While I had naively thought of a "noble" as being just somebody in a rich, influential family, I'm reading through Waterdeep: Dragon Heist and it seems to be much more than that (at least in Waterdeep), and is some sort of an officially recognized status. For instance, the Code Legal distinguishes between crimes against nobles and crimes against an ordinary citizen, and per the Volo's Waterdeep Enchiridion chapter (p. 172) nobles have the right to bear arms and retain soldiers.

So what exactly determines whether or not somebody is a noble? Is it just a inherited title, so you are only a noble if (at least one of) your parents are? Can one become a noble by marrying into a noble family (as either bride or groom)? Can the Masked Lords (or some other group) bestow the title of noble on somebody for performing some particular brave act defending the city, or on somebody making a substantial financial contribution?

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    \$\begingroup\$ First, get Ed Greenwood drunk, then ... \$\endgroup\$ Aug 22, 2019 at 1:57

2 Answers 2


Detailed answer to your question can be found on pages 59-60 of City of Splendors: Waterdeep. While it is 3e sourcebook, it might be reasonable to assume that how one becomes a noble would not change much in Waterdeep, given its long history starting with the nobility claims of various wealthy families dating back to 882DR and the formal beginnings of the nobility dating back to 1248DR, when the Lords of Waterdeep recognized the merchant gentry.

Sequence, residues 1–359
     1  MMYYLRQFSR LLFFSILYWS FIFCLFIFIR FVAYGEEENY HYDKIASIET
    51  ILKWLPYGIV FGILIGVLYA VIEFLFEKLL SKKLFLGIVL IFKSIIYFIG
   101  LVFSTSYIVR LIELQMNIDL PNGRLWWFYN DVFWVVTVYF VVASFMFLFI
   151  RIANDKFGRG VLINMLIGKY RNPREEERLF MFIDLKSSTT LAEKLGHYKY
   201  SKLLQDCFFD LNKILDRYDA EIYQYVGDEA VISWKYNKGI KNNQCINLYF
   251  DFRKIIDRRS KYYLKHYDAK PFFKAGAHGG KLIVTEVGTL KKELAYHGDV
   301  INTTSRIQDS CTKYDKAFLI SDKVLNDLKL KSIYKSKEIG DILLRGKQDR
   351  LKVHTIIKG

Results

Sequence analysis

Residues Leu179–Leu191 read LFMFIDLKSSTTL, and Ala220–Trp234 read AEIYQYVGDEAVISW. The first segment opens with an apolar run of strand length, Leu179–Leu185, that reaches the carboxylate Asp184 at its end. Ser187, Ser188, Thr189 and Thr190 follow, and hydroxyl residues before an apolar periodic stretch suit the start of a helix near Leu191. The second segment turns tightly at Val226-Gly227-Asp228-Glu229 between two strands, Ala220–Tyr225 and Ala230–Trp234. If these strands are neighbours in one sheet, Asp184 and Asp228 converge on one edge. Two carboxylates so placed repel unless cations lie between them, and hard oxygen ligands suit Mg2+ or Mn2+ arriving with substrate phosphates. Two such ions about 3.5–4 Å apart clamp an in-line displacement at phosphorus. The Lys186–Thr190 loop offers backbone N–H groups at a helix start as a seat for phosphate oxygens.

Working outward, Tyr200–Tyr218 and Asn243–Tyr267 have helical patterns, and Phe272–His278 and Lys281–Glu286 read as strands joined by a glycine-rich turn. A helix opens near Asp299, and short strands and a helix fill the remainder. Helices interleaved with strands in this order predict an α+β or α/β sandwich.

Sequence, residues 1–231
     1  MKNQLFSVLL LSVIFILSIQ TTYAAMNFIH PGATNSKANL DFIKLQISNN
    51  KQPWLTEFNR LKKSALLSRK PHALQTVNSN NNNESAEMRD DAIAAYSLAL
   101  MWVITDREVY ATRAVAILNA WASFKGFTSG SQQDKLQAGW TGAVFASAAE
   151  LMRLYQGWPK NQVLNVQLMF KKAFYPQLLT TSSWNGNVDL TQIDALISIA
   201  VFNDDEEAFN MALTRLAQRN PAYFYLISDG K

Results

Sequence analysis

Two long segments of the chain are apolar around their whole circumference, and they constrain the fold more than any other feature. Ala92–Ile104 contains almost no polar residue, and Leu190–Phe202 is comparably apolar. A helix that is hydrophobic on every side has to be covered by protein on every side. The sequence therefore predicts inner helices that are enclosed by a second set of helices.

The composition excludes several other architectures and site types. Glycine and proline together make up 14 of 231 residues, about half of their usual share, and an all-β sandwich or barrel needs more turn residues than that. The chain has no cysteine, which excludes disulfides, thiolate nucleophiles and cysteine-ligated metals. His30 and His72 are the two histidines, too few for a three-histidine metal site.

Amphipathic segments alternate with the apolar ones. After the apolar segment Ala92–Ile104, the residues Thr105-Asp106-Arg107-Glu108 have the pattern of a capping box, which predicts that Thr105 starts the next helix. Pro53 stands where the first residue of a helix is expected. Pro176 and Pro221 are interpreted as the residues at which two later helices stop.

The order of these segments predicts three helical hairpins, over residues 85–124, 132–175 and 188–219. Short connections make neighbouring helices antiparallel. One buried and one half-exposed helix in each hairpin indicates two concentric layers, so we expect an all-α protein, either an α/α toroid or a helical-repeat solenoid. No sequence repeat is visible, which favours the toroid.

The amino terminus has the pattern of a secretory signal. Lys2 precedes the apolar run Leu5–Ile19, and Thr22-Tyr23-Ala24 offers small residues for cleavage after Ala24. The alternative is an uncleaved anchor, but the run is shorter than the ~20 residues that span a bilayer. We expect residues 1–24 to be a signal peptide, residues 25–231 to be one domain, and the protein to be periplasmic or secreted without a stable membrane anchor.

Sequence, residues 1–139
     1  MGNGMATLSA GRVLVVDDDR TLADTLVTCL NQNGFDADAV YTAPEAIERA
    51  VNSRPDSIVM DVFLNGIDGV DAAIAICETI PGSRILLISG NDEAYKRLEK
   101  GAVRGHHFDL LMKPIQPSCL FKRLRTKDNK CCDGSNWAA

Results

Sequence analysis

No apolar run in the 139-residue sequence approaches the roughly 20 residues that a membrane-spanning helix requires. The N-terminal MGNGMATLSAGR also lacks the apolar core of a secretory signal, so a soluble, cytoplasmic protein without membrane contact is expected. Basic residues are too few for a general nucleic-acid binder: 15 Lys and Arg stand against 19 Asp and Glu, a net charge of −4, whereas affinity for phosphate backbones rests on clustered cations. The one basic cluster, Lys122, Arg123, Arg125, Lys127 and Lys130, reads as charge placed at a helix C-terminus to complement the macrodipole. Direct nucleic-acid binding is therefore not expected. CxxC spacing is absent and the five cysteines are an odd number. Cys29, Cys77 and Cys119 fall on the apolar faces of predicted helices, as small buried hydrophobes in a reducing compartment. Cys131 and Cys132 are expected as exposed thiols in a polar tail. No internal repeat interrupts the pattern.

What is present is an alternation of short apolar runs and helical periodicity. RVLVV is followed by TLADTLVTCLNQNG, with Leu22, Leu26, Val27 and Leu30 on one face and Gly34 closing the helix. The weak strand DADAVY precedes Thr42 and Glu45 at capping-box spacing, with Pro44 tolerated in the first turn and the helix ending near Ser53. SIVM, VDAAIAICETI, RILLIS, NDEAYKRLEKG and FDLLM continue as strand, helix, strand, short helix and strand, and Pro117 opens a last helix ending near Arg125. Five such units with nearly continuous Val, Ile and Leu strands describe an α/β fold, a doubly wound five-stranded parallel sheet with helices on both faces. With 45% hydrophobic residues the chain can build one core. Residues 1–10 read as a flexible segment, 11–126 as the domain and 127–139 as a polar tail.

Nobility was established as a practical way of diminishing chaotic use of self-proclaimed titles and as a carrot to lure powerful land-owners from the surrounding countryside and wealthy merchants from far away lands into the city. As these goals got more or less achieved, the rate at which the Lords ennobled new families has slowed down, though it is still possible for a wealthy (min 25,000 gp personal wealth obtained from mercantile endeavours) individual to ask the Lords the title of nobility for themselves and their descendants. There are no written rules for this, but based on examples, some rough criteria can be deduced as described on page 60 of the book.

Perhaps the most important of these criteria is being sponsored by at least five noble families, and current families do not want to reduce the privilege of being nobility by adding new families. So ascending by petition is quite unlikely in modern Waterdeep and that leaves marriage as the only practical way for an ordinary citizen to achieve nobility.

Each family has a head noble, a patriarch or matriarch. Whether and how a relative of this person gets to be considered a part of the noble family is unclear, presumably this is decided by the head. Some families have ~10 nobles, others have over 50. Titles, lands, and funds can be inherited by any child or heir of the head. The standard practice is the eldest child (regardless of gender) inheriting the title and the majority holdings.

Available 5e Information

It is worth noting that none of the data in this answer are contradicted with the information on pages 55-57 & 154 of the 5e Sword Coast Adventurer's Guide. While we learn that during Lord Neverember's tenure as the Open Lord, it became legal for impoverished houses to sell their titles, this decision was reversed with Laeral Silverhand and it is still difficult to become nobility. Quoting:

Although they seldom agree on much, one matter that all the noble houses see the same way is that their status should not be tainted by newcomers, and certainly not by anyone so brightcoin as to purchase one's way to a noble title.